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Family enterprises, organizational adaptation, exploration and exploitation, ambidexterity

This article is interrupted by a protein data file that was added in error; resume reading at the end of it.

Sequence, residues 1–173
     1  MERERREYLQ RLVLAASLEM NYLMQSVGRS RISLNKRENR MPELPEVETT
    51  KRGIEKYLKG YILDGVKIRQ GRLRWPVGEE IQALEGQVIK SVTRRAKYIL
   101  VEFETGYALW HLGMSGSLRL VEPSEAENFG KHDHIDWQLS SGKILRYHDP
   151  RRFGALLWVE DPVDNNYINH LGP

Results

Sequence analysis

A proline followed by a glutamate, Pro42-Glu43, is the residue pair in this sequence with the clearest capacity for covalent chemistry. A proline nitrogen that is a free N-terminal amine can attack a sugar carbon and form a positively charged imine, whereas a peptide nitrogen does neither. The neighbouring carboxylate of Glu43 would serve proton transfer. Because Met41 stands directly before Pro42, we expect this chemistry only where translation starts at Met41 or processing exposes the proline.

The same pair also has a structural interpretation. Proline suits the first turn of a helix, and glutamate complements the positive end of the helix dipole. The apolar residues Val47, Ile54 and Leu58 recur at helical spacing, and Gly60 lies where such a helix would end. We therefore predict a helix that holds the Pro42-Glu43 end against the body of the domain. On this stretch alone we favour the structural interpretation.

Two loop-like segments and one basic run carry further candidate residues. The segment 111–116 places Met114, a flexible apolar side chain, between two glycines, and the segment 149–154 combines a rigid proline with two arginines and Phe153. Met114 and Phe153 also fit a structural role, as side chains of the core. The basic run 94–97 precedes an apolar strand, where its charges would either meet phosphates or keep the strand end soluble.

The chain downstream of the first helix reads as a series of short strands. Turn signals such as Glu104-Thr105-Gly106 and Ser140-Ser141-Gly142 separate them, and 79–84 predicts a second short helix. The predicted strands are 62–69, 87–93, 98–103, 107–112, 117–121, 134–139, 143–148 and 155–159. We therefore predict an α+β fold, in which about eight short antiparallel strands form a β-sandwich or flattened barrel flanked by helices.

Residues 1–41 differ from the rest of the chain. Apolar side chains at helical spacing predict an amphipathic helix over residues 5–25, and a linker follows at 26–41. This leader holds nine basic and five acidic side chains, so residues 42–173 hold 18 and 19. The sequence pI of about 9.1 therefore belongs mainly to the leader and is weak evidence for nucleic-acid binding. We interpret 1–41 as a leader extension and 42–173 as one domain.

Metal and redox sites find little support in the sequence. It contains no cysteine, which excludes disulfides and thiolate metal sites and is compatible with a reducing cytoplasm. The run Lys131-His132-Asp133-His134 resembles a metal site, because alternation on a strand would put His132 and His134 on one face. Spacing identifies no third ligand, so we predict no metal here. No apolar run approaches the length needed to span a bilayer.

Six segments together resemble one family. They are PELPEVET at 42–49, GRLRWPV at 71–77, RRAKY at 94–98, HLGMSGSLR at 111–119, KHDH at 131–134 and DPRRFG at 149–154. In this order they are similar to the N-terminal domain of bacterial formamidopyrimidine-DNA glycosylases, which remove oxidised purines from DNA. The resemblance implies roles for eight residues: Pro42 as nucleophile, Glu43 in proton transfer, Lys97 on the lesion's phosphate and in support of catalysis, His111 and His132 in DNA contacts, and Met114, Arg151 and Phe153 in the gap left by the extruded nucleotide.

Ambidexterity, the ability of firm to balance the need to explore for new and novel and exploit its existing knowledge, skills and capabilities has become an important issue for firms in these volatile times. What‘s been missing from this discussion is consideration of how the unique character of family enterprises influences their investments in exploration or exploitation? In this paper we develop a theoretical model to explain how the governance and ownership characteristics of a family enterprise impact the family enterprise‘s investments in exploration and exploitation activities. We contribute to the literature on family enterprises by proposing that certain governance characteristics such as the tenure of the generation in control, the proportion of senior management positions controlled by the family, the dispersion of family ownership and the transfer of control to the younger generation will all have certain effects on the investments in exploratory activities. Building on the relational view of family enterprises, we suggest that the characteristics of their relations with their employees and outside partners will influence the level of investments in exploratory and exploitative activities. Our theoretical standpoint within the context of organizational adaptation also shows that the two seemingly contradictory theories of stewardship and agency can be reconciled.